Wire-brushing the gasket surfaces is a normal part of resealing the valve cover. If your engine uses a reusable rubber gasket, that extra step in cleaning isn't necessary but it won't hurt. Most engines now use a silicone gasket sealer from a tube. Removing the old stuff requires a lot of elbow grease, but by far the most important thing to prevent leaks is to be sure there's absolutely no oil residue on either surface. Chrysler has two gasket sealers. The original black stuff will not bond and seal if there's a film of oil or transmission fluid. They have a gray product that will bond through that oil film, but you still want to clean the surfaces with brake parts cleaner or carburetor cleaner first. I'm sure Ford has similar products. The people at the parts counter, or any auto parts store will be able to supply the right kind of sealer.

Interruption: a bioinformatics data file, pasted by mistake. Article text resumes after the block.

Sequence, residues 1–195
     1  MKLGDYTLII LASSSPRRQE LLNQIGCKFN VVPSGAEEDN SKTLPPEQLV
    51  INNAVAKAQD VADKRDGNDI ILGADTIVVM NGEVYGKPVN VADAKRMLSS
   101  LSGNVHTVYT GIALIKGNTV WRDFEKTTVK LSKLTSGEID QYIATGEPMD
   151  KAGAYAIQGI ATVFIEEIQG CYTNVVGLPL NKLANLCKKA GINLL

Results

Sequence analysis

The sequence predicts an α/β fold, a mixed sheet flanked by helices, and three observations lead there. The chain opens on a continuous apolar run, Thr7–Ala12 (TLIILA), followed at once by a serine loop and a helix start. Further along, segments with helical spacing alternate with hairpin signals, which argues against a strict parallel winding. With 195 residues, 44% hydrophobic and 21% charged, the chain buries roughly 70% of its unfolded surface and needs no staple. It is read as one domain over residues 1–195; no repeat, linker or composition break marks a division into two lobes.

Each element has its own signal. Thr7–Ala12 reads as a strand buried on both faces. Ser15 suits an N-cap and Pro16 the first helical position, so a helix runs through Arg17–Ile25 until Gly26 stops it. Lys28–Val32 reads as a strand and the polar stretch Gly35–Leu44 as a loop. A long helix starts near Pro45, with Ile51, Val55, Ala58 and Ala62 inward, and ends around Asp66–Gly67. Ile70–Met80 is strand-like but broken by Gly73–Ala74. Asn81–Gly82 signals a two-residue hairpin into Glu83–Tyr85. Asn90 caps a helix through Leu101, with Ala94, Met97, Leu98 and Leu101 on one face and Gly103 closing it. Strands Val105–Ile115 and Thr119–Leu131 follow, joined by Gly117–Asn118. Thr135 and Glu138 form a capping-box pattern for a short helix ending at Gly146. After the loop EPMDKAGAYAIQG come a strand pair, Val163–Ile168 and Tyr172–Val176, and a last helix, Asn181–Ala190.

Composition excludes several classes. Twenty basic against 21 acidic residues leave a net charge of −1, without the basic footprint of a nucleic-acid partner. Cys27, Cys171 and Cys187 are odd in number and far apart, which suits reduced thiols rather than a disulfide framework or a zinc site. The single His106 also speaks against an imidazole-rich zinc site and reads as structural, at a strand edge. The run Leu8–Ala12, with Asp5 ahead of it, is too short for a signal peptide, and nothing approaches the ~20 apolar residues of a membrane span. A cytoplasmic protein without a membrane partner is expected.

There's no torque sequence for valve covers but the torque is not very high. With sealants from a tube, just snug the bolts down with a 1/4" hand ratchet. Very few engines still use fiber or cork gaskets, but if you have that, seven inch-pounds is a common torque value. You can reach that with just one finger turning the ratchet. Over-tightening can split those types of gaskets resulting in pretty bad leaks.
Wednesday, March 19th, 2014 AT 1:03 PM